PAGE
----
NOAA, NFWF award $2.6 million for largest U.S. marine national monument
The site is home to thousands of species of fish and wildlife, some that are found nowhere else
The National Fish and Wildlife Foundation (NFWF), Marc and Lynne Benioff and the NOAA have announced nearly $2.6 million in grants to support management and conservation of Papahānaumokuākea Marine National Monument, part of the Hawaiian Islands chain.
The five grants will leverage $1.3 million in matching contributions to generate a total conservation impact of $3.9 million. NOAA support includes funding from the Bipartisan Infrastructure Law, and additional support is provided by the U.S. Fish and Wildlife Service.
The Papahānaumokuākea Marine National Monument, a UNESCO World Heritage site, encompasses a remote group of islands, reefs and atolls in the northwestern sector of the Hawaiian Islands. The site is home to thousands of species of fish and wildlife, some that are found nowhere else, including threatened and endangered species such as the Hawaiian monk seal, green sea turtle and Laysan albatross.
Marine debris removal is of critical importance to both the natural and cultural components of the monument. Papahānaumokuākea is a sacred Native Hawaiian landscape and is home to numerous important archaeological sites. The funds awarded will significantly increase efforts to reduce the amount of marine debris that threatens the monument. The project will also develop and test new tools and techniques that can help increase the efficiency of these removal efforts, such as using uncrewed aircraft systems and satellites to help locate debris.
Jeff Trandahl, executive director and CEO of NFWF, said:
“The low-lying atolls of Papahānaumokuākea Marine National Monument are extremely susceptible to sea-level rise, reducing available nesting and haul out areas for endangered seabirds, sea turtles and monk seals. But what people might find more surprising is the threats that come from around the Pacific Ocean in the form of lost fishing nets and other marine debris that entangle these animals and damage these fragile habitats.”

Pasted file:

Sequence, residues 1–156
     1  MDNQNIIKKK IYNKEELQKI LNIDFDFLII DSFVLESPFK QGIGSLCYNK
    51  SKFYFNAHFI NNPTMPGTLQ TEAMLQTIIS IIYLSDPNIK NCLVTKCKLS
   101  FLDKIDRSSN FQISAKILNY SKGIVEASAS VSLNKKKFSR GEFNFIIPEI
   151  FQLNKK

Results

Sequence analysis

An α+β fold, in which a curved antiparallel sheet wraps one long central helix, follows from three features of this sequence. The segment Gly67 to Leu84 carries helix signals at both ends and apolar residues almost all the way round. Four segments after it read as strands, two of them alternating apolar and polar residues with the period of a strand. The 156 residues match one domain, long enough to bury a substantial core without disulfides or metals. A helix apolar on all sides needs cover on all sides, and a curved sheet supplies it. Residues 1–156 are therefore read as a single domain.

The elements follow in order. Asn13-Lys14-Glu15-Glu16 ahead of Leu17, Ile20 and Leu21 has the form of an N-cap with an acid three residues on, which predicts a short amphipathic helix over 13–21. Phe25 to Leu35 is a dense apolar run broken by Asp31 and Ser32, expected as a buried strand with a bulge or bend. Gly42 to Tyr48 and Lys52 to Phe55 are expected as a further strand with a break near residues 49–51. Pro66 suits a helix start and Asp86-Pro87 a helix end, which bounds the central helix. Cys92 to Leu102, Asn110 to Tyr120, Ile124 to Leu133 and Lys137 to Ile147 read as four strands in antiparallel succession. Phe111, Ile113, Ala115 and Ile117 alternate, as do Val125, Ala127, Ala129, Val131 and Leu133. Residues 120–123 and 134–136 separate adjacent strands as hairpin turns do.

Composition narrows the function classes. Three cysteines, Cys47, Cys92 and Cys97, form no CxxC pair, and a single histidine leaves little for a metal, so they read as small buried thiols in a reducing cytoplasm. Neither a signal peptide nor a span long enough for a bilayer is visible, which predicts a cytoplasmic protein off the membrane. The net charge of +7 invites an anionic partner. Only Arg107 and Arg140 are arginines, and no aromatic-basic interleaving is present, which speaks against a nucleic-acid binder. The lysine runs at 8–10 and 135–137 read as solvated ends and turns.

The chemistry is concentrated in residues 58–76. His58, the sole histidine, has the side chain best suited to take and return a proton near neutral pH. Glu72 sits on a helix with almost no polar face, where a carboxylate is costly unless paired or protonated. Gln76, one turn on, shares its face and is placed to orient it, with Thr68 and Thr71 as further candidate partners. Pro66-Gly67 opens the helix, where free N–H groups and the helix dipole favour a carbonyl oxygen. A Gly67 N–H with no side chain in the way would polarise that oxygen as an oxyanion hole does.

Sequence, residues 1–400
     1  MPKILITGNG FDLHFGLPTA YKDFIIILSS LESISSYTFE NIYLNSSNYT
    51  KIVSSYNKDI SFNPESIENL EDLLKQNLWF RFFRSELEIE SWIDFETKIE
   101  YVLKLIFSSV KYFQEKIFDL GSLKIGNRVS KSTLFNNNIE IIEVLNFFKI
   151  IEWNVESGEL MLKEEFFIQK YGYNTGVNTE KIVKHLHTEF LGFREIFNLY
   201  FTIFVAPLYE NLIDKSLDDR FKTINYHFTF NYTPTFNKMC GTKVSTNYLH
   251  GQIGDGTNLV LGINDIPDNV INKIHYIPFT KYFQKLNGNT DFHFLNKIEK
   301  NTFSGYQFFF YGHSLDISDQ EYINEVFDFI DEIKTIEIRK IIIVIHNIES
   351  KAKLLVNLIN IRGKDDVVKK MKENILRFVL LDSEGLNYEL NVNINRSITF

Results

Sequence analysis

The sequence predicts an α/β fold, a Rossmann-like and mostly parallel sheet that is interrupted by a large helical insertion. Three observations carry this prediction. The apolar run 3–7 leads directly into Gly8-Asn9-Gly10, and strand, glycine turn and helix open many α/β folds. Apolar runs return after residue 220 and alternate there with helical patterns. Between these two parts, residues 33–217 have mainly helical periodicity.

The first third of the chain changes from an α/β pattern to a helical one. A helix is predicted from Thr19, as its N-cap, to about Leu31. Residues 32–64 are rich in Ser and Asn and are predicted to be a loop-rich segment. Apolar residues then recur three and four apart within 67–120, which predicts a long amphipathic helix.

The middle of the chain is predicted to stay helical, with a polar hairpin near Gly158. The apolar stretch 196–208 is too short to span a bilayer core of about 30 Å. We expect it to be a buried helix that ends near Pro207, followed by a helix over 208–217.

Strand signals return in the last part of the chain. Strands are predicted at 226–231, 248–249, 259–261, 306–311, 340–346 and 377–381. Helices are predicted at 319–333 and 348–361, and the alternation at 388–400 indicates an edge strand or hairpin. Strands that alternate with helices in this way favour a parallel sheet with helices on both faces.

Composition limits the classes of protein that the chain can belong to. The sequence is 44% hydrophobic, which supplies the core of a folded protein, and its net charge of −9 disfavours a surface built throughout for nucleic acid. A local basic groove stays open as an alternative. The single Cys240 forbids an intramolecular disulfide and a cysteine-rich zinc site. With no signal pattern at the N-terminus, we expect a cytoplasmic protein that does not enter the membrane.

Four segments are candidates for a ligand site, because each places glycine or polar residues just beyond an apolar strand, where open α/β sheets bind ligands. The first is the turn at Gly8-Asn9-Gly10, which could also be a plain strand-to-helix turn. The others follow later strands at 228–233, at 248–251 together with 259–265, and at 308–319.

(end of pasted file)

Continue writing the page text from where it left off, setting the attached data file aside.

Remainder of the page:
One of the projects supported this year will continue an effort to remove marine debris from the monument that has taken place since 1996, but this new investment will scale up removal work, build capacity for a sustainable multi-year program and incorporate lessons and efficiencies learned from more than 20 years of experience and data. The grant will enable the removal of over 500 metric tons of debris in coming years.
NOAA Administrator Rick Spinrad, Ph.D., said:
“Marine debris is a global issue that poses immense challenges to nature, human health and the economy. Working with NFWF and Marc and Lynne Benioff to leverage the Bipartisan Infrastructure Law funds for marine debris removal is an important step in helping these habitats recover and stay healthy.”
Other projects supported on this slate will seek to protect the monument from a biological threat: an outbreak of an invasive and smothering form of algae that is severely affecting marine habitats at the northern end of the monument. This algae forms in thick mats that can cover large areas of coral reefs. Funds will continue research into how the algae spreads and what drives the outbreaks while working with managers and those in the monument on practical guidelines to prevent its spread to other areas.
All five grants were awarded through the Papahānaumokuākea Research and Conservation Fundoffsite link (PRCF), a partnership between NFWF and NOAA’s Office of National Marine Sanctuaries. In its first five years, the PRCF has invested more than $5.4 million across 13 projects, leveraging more than $4.5 million in support of the monument’s natural resources for a total conservation impact of nearly $10 million. A complete list of the 2022 grants made through the PRCF is available hereoffsite link.